Opportunities

Improvement in service delivery by the organisation provides it with the opportunity of attracting more investors (Ordanini et al., 2011). This will reduce the funding challenges that it is currently facing.

In addition to only dealing with learning disability issues for the elderly, the organisation can expand to also incorporate other health issues that affect the elderly rather than referring them to other facilities. This will enable them to effectively monitor the progress of their patients.

The technological advancements and research breakthroughs that are being experienced in the field of mental healthcare provide the organisation with the opportunity of offering better diagnosis and remedies for the patients that it targets (Rosenberg et al., 2012).

Threats

As aforementioned, the organisation heavily relies on funding from the local government. In case of a regime change, the changes that might take place in budgetary allocations may bring about a threat of reduction or termination of funding (Teece, 2010).

A diminishing quality of service, especially during periods of insufficient funding, threatens the good reputation of the organisation (Ordanini et al., 2011). This not only repels patients from seeking its services, but also increases scepticism among investors and well wishers who fund its operations. Employees may also resign citing poor remuneration, exposing the organisation to competition from other enterprises offering the same services.

Conclusion

A periodic appraisal or evaluation of internal and external business environments of an organisation is ideal for strategic planning. One of the widely used frameworks of analysis whish has been addressed in this paper is the SWOT analysis technique, which highlights the internal strengths and weaknesses, and the external opportunities and threats. Whereas it has several advantages over other analysis techniques, it also has a few shortcomings, which have been addressed. An example SWOT analysis that has been carried out on Consensus Caring Homes Group in this paper has listed most of the factors that it needs to consider before making a strategic decision regarding its performance.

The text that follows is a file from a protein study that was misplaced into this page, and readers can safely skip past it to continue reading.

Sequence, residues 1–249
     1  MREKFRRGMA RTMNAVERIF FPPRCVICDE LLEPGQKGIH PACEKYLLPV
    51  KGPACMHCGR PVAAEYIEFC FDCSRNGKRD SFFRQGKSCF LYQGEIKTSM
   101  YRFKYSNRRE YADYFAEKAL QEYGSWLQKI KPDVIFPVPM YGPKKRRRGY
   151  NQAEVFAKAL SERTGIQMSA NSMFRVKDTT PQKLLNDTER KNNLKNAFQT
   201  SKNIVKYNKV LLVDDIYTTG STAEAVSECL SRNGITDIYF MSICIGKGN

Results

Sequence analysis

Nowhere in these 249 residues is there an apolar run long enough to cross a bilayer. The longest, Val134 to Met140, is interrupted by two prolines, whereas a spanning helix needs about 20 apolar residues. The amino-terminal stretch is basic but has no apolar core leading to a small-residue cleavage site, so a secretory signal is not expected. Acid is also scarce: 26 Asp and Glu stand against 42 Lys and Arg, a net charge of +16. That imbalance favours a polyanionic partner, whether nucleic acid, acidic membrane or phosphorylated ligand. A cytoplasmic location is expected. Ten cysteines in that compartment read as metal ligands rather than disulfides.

References

Cadle, J., Paul, D. & Turner. P. ‎(2010). Business Analysis Techniques: 72 Essential Tools for Success. Chippenham: BCS, The Chartered Institute.

Carehome.co.uk. (2014). Care Homes Owned by Consensus: Info & Members. [Online] Available at: http://www.carehome.co.uk/care_search_results.cfm/searchgroup/36151030CARB [Accessed 21 November 2014].

Consensus. (2014)a. Consensus Support Website: What Support do we offer? [Online] Available at: http://www.consensussupport.com/ [Accessed 21 November 2014].

Consensus (2014)b. The Consensus Support website: Where are we located? [Online] Available at: http://www.consensussupport.com/ [Accessed 21 November 2014].

Gazzola, P. et al. (2011). Enhancing environmental appraisal effectiveness: Towards an understanding of internal context conditions in organisational learning. Planning Theory & Practice, 12(2):183-204.

Helms, M.M. &. Nixon, J. (2010). Exploring SWOT analysis–where are we now?: A review of academic research from the last decade. Journal of Strategy and Management, 3(3): 215-51.

Lussier, R. (2011). Management Fundamentals: Concepts, Applications, Skill Development. Mason: Cengage Learning.

Ordanini, A., Miceli, L., Pizzetti, M. & Parasuraman, A. (2011). Crowd-funding: transforming customers into investors through innovative service platforms. Journal of Service Management, 22(4):443-70.

Rosenberg, L., Kottorp, A. & Nygård, L. (2012). Readiness for Technology Use With People With Dementia The Perspectives of Significant Others. Journal of Applied Gerontology, 31(4):510-30.

Teece, D.J. (2010). Business Models, Business Strategy and Innovation. Long Range Planning, 43(2):172-94.

Warner, A.G. (2010). Strategic Analysis and Choice: A Structured Approach. California: Business Expert Press.